Tetracaine/oxymetazoline (Into the nose)
Oxymetazoline Hydrochloride (ox-i-me-TAZ-oh-leen hye-droe-KLOR-ide), Tetracaine Hydrochloride (TE-tra-kane hye-droe-KLOR-ide)
Numbs the affected tooth before a dental procedure.
There may be other brand names for this medicine.
When This Medicine Should Not Be Used:
This medicine is not right for everyone. You should not receive it if you had an allergic reaction to oxymetazoline, tetracaine, or similar medicines, benzyl alcohol, or para-aminobenzoic acid (PABA).
How to Use This Medicine:
- A dentist will give you this medicine in a dental clinic. It is given as a spray into your nose on the same side to the maxillary tooth on which the dental procedure will be done.
- After 10 minutes of receiving the medicine, the dentist needs to perform a test drill to make sure that the affected tooth is already numb before starting the procedure.
Drugs and Foods to Avoid:
Ask your doctor or pharmacist before using any other medicine, including over-the-counter medicines, vitamins, and herbal products.
- Some medicines can affect how tetracaine/oxymetazoline works. Tell your doctor if you are using any of the following:
- Acetaminophen, chloroquine, metoclopramide, primaquine, quinine, sulfasalazine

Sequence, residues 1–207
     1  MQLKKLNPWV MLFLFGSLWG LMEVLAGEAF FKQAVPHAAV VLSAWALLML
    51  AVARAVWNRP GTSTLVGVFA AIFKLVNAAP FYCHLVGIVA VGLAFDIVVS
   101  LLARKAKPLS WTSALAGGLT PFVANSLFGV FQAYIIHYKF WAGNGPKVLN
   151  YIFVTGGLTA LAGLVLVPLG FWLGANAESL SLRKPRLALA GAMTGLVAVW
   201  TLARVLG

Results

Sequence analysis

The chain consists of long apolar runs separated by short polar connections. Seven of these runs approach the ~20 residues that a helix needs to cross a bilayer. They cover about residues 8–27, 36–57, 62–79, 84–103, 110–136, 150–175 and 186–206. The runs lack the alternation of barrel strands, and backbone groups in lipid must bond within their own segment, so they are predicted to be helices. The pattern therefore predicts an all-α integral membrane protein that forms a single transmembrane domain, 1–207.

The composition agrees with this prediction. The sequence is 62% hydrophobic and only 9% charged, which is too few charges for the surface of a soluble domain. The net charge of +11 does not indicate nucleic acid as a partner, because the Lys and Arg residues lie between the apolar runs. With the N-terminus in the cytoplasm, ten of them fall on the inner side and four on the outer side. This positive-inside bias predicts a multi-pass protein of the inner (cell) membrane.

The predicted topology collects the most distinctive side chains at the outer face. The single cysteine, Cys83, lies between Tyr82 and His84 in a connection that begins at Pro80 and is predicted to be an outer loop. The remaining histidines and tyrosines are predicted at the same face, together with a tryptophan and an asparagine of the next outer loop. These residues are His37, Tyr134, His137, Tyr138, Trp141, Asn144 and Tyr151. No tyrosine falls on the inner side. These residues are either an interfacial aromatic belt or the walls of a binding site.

- Cancer medicine (including cyclophosphamide, flutamide, hydroxyurea, ifosfamide, rasburicase)
- Beta blocker medicine
- Medicine to treat an infection (including dapsone, nitrofurantoin, para-aminosalicylic acid, sulfonamide)
- Medicine to treat depression (including MAO inhibitor, TCA)
- Medicine to treat seizures (including phenobarbital, phenytoin, sodium valproate)
- Nitrate or nitrite medicine (including nitric oxide, nitroglycerin, nitroprusside, nitrous oxide)
- Other nasal medicines
- Avoid using other products containing oxymetazoline within 24 hours before the scheduled dental procedure.
Warnings While Using This Medicine:
- Tell your doctor if you are pregnant or breastfeeding, or if you have kidney disease, liver disease, heart problems, lung or breathing problems, a blood disorder, a genetic disease (including G6PD deficiency, pseudocholinesterase deficiency), high blood pressure, thyroid problems, or a history of frequent nosebleeds.
- This medicine may cause the following problems:
- Methemoglobinemia (blood problem)
- High blood pressure
- Your doctor will do lab tests at regular visits to check on the effects of this medicine. Keep all appointments.
Possible Side Effects While Using This Medicine:
Call your doctor right away if you notice any of these side effects:
- Allergic reaction: Itching or hives, swelling in your face or hands, swelling or tingling in your mouth or throat, chest tightness, trouble breathing
- Fast or slow, pounding heartbeat
- Fever, headache, pale skin, dizziness or lightheadedness
- Pale, gray, or blue lips, nails, or skin, dark urine, headache
- Stuffy or runny nose, nosebleeds
- Trouble swallowing or breathing
- Unusual bleeding, bruising, or weakness
If you notice these less serious side effects, talk with your doctor:
If you notice other side effects that you think are caused by this medicine, tell your doctor
Call your doctor for medical advice about side effects. You may report side effects to FDA at 1-800-FDA-1088
Last Updated: 6/18/2019
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